As we swung down the road I leaned forward, studying with interest the dust cloud of an approaching carriage. As it came near, I called to my driver. The two vehicles paused almost wheel to wheel. It was my friend Jack Dandridge who sprawled on the rear seat of the carriage! That is to say, the fleshly portion of Jack Dandridge. His mind, his memory, and all else, were gone.
I sprang into his carriage and caught him roughly by the arm. I felt in all his pockets, looked on the carriage floor, on the seat, and pulled up the dust rug. At last I found the license.
“Did you see the baroness?” I asked, then.
At this he beamed upon me with a wide smile.
“Did I?” said he, with gravity pulling down his long buff waistcoat. “Did I? Mos’ admi’ble woman in all the worl’! Of course, Miss ’Lis’beth Churchill also mos’ admi’ble woman in the worl’,” he added politely, “but I didn’t see her. Many, many congrash’lations. Mos’ admi’ble girl in worl’—whichever girl she is! I want do what’s right!”
The sudden sweat broke out upon my forehead. “Tell me, what have you done with the slipper!”
He shook his head sadly. “Mishtaken, my friend! I gave mos’ admi’ble slipper in the worl’, just ash you said, just as baroness said, to Mish Elisabeth Churchill—mos’ admi’ble woman in the worl’! Proud congrash’late you both, m’ friend!”
“Did you see her?” I gasped. “Did you see her father—any of her family?”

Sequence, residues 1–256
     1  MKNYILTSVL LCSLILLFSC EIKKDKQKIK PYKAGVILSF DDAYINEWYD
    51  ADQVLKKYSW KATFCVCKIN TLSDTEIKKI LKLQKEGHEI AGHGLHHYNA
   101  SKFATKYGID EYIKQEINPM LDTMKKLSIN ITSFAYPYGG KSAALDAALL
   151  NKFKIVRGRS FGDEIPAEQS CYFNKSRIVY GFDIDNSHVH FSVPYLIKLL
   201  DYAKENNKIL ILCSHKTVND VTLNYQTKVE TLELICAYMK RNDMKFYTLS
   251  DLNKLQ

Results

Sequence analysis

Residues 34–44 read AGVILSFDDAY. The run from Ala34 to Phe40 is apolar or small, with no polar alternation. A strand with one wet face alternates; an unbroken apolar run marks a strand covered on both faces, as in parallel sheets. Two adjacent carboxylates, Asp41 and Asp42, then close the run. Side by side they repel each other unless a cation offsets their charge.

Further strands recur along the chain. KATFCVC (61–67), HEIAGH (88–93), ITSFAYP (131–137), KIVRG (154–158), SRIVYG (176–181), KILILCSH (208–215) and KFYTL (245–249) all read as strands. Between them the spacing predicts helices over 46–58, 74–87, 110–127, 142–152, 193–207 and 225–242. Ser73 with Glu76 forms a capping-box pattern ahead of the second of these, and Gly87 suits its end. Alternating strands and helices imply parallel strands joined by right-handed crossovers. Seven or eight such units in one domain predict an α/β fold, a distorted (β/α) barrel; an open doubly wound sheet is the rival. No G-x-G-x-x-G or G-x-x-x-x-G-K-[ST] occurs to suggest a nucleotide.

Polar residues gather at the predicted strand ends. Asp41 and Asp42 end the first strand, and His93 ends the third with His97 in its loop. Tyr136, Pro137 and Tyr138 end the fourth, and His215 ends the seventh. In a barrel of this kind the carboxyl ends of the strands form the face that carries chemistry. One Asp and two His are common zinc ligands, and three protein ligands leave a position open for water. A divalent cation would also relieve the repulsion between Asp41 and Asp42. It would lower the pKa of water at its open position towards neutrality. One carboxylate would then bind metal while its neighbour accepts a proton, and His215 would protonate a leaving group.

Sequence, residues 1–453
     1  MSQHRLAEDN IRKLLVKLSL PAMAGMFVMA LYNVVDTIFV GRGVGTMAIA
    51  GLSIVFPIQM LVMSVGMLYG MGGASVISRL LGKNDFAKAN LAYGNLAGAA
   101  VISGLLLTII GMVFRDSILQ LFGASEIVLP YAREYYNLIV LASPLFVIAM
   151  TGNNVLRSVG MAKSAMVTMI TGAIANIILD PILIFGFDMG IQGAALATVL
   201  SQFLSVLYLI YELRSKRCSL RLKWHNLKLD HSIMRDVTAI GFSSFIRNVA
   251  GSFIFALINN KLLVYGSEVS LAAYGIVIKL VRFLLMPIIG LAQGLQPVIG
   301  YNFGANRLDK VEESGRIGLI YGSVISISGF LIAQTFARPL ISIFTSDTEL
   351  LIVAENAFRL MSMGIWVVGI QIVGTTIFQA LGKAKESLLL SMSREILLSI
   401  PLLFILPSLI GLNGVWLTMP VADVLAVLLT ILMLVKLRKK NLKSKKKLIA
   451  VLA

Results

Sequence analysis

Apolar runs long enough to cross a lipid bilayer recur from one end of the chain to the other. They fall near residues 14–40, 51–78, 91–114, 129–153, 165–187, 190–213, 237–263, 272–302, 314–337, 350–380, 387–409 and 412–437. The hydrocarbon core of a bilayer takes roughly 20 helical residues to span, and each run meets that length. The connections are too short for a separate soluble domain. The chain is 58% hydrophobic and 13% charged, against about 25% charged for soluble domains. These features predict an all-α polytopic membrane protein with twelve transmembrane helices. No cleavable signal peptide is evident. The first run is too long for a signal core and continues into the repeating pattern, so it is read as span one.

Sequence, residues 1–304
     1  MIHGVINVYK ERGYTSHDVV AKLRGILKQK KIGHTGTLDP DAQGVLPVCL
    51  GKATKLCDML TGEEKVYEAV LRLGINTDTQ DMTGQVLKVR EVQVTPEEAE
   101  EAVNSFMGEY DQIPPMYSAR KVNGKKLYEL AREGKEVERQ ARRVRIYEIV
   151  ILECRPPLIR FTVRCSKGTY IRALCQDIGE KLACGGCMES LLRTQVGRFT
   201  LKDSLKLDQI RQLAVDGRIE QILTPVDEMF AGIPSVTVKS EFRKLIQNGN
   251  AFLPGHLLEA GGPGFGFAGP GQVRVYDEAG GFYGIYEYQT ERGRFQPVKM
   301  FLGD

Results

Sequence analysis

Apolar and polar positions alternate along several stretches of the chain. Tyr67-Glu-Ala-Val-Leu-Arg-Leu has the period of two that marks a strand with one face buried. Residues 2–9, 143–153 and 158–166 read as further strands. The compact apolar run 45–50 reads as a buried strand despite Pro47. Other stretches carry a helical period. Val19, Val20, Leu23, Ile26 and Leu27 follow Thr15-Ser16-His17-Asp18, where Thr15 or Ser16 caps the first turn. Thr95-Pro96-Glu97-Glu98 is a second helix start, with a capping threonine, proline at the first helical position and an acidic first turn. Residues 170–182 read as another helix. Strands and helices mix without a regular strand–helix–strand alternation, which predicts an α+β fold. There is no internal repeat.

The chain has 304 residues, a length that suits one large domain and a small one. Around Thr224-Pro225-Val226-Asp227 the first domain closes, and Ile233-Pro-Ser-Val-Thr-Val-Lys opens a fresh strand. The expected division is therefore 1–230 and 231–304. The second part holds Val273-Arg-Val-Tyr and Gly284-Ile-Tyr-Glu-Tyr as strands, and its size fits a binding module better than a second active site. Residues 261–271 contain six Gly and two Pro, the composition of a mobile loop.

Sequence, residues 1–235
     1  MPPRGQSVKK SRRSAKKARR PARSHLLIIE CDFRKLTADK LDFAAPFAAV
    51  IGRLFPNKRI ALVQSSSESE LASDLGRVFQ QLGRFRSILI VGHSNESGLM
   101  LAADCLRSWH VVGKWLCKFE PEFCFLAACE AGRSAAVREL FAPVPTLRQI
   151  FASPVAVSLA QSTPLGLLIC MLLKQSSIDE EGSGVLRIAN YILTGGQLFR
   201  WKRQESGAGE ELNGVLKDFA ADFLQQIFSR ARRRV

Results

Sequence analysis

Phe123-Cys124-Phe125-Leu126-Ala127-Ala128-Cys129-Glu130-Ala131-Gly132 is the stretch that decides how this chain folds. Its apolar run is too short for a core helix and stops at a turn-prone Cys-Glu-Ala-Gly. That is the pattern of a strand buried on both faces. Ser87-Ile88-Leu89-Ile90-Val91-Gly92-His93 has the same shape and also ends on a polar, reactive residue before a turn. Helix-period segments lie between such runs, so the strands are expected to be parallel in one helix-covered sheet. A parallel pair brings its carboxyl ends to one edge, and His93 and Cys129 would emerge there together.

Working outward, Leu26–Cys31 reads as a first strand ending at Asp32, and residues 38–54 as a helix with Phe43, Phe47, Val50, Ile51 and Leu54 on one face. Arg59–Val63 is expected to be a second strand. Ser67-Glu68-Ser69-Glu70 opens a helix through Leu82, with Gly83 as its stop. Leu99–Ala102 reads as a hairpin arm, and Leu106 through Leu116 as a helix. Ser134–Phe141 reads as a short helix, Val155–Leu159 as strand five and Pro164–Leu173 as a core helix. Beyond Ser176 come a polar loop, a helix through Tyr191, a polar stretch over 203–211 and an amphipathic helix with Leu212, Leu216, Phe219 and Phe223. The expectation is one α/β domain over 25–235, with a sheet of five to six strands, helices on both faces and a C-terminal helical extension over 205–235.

“God blesh me, no!” rejoined this young statesman. “Feelings delicacy prevented. Realized having had three—four—five—Barn Burners; washn’t in fit condition to approach family mansion. Alwaysh mos’ delicate. Felt m’self no condition shtan’ up bes’ man to mosh admi’ble man and mosh admi’ble girl in worl’. Sent packazh in by servant, from gate—turned round—drove off—found you. Lo, th’ bridegroom cometh! Li’l late!”
My only answer was to spring from his carriage into my own and to order my driver to go on at a run. At last I reached the driveway of Elmhurst, my carriage wheels cutting the gravel as we galloped up to the front door. My approach was noted. Even as I hurried up the steps the tall form of none other than Mr. Daniel Churchill appeared to greet me. I extended my hand. He did not notice it. I began to speak. He bade me pause.
“To what may I attribute this visit, Mr. Trist?” he asked me, with dignity.
“Since you ask me, and seem not to know,” I replied, “I may say that I am here to marry your daughter, Miss Elisabeth! I presume that the minister of the gospel is already here?”
“The minister is here,” he answered. “There lacks one thing—the bride.”
“What do you mean?”
He put out his arm across the door.
“I regret that I must bar my door to you. But you must take my word, as coming from my daughter, that you are not to come here to-night.”